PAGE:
From the front page of September 24, 1940 edition of the Michigan Daily, announcing the demise of the once-great University of Chicago football program:

RIPSo why did one of the original members of the Big Ten, who brought us the heralded Coach Amos Alonzo Stagg (and Fritz Crisler, for that matter), ditch football?  This issue of Sports Illustrated from 1954 put it nicely:

The University of Chicago abandoned intercollegiate football in 1939 because the game hampered the university’s efforts to become the kind of institution it aspired to be. The university believed that it should devote itself to education, research and scholarship. Intercollegiate football has little to-do with any of these things and an institution that is to do well in them will have to concentrate upon them and rid itself of irrelevancies, no matter how attractive or profitable. Football has no place in the kind of institution Chicago aspires to be.

It has been argued that Chicago is different. Perhaps it is and maybe it is just that difference that enabled the university to separate football from education.

That’s sweet and all, but methinks the 85-0 beating at the hands of Tom Harmon’s Wolverines in 1939 had a hand in it as well.  Here’s one of my favorite all-time photos featuring Tom Harmon cooling off on the sidelines during that very game:

1939 Tom Harmon vs Chicago

Following the game there was bit of a media frenzy about the future of college football in the Windy City, stemming from a few remarks from the President.  Here’s a tasty headline from the (St. Petersburg) Evening Independent:

Chicago Football a JokeThat same week the Milwaukee Journal quoted one demoralized UC loser student discussing the state of their pigskin program:

“It doesn’t matter much, does it?  The players are having a lot of fun, so why worry?  If a man must look at football, he can always go to see the Chicago Bears and the Green Bay Packers.  They’re even better than the best of the college teams.”

At the turn of the century Stagg’s Maroons were Michigan’s fiercest rival and it the squad that handed Yost his first Wolverine defeat in 1905.  And speaking of Stagg & Yost – the heavy drama between the two is being chronicled by writer John Kryk (Natural Enemies) for a new book that will certainly be required reading! 

 

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Moes2012top
Via eBay, love this one.  Check out of few frames from a comic book featuring Michigan’s Heisman winner Tom Harmon and a few of the preseason college stars heading into the 1941 season.   A true beauty.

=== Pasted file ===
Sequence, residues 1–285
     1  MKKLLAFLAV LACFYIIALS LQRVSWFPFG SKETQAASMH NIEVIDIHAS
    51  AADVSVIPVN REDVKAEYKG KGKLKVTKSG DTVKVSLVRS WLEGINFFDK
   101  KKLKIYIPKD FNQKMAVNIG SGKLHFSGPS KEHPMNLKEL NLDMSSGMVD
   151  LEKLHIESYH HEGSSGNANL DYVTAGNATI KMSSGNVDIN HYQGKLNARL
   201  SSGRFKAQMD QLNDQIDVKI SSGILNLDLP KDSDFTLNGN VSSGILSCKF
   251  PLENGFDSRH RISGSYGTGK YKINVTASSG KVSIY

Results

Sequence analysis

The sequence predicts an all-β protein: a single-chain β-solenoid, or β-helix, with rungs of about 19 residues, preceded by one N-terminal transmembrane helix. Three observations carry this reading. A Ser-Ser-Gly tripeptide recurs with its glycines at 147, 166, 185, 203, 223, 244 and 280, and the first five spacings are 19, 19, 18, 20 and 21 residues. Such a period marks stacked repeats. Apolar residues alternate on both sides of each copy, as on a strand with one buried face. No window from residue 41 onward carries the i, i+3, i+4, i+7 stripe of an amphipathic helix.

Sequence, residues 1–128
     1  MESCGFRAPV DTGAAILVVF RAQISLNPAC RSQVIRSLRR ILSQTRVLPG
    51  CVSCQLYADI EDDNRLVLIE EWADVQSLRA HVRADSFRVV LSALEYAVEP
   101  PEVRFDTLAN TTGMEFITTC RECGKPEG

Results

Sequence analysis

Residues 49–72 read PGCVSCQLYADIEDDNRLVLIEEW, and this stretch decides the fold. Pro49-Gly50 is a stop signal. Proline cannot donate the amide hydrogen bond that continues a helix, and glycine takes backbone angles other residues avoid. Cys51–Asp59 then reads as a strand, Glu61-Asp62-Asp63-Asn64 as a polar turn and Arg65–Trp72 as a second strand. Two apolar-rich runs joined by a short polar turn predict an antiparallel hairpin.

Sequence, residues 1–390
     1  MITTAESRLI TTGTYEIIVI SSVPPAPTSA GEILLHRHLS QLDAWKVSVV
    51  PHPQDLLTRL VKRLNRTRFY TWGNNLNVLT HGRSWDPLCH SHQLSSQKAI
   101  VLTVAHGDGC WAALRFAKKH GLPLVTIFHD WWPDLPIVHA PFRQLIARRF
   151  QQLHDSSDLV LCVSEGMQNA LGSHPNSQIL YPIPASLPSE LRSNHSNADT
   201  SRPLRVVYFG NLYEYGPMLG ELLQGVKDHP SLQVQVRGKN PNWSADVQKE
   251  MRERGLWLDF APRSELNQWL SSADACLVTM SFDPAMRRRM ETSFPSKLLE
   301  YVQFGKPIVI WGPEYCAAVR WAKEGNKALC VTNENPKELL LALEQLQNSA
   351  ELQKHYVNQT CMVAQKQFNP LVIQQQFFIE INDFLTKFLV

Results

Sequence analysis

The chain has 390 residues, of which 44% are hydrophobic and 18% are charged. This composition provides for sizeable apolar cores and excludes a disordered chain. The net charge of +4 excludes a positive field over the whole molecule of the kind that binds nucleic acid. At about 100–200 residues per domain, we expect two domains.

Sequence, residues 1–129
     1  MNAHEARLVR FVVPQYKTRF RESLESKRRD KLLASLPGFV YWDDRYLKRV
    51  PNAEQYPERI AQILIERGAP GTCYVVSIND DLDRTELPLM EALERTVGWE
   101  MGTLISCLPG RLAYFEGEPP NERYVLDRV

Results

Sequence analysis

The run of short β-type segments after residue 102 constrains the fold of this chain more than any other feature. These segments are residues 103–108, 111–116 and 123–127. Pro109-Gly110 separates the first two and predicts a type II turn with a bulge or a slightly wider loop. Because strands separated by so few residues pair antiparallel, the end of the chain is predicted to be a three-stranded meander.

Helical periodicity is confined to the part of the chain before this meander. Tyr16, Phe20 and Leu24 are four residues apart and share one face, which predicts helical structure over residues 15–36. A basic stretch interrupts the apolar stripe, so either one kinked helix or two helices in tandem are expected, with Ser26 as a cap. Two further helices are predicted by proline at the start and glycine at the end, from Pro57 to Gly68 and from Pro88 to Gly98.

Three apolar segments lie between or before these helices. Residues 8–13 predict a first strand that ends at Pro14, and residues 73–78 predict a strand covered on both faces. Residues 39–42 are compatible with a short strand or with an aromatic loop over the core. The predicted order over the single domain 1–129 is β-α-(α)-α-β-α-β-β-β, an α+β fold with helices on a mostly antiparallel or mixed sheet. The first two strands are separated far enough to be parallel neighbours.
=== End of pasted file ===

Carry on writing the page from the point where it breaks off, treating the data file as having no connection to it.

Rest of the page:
I cropped it down to highlight the sections featuring “Tommy” Harmon, which was basically all of it:

Tom Harmon Michigan Comic Strip
In this opening frame, Harmon’s depicted with the torn jersey which is a nod no doubt to his final game at Ohio State where his jersey was ripped up during and after the game.  More on that later.   It also looks like they kinda slapped a winged helmet on his above, which is appreciated.

 

Tom Harmon Yale 1938
Harmon was indeed good right when he came to Michigan in 1937, but back then of course freshman couldn’t suit up with the varsity.  In the ‘38 season he was named all-conference and indeed shined in the Yale game, coming in and tossing the game winner.   Speaking of Yale, did you know Harmon actually “applied” to go to Yale after Harry Kipke was fired in 1937?  In his only letter to the school he wrote that his credentials for admission to the Ivy League college were:“Four years of football, four years of basketball, two years of track.”  LOL.

 

Tom Harmon Iowa 1939
Speaking of the Iowa game, it was certainly one of Harmon’s finest performances perhaps most notably, he dominated the 1939-Heisman winner, Iowa’s Nile Kinnick.

 

Tom Harmon vs. Red Grange
A couple things here.  First, re: his 90 yard interception return.  After Brandon Herron’s 94-yard TD return in 2011 against Western Michigan I discussed whether Herron actually bested Harmon for the all-time standard.   Differing accounts had Harmon’s interception between 90 and 95 yards.  So here’s another one claiming 90 FWIW.In the second frame above the classic sports writers (sans stubby unlit cigar) mention Red Grange, which was certainly on the mind of folks when Harmon was doing his thing, especially after Old 98 broke Grange’s scoring record in 1940.

 

Tom Harmon - Lifeguard
How’s Tricks, Tom?”   Hahhaa.    Regarding Harmon being a lifeguard.  True, but he didn’t do that in Ann Arbor—it was back in his hometown.  Per Sports Illustrated: “He spent the summer before his senior year as a lifeguard at the municipal beach back in Gary (“and punting up and down the sand for at least an hour a day” as TIME noted) and was in shape to rule the Big Ten again.”

I’ve read he also sold gum and worked at the campus radio station to make a few extra bucks.

 

98 - 6 Ohio
His magnum opus against Ohio State in 1940 is a classic—enough to earn a standing ovation from (and get mobbed by) the Buckeye fans after the game.   The drawing in the second frame was certainly inspired by this famous photo below of Harmon after the game in Columbus:torn 2
And regarding that final quote…
None of Us
…that all changes in 2013 as someone will indeed wear the 98 once again.

All in all a classic.

My only nitpick?   No mention of the ridiculous performance in the 1940 Cal game on his birthday, especially given the fan who tried to drag him down!  Dang, they could have dedicated a couple frames to that alone and I would have loved it.    More »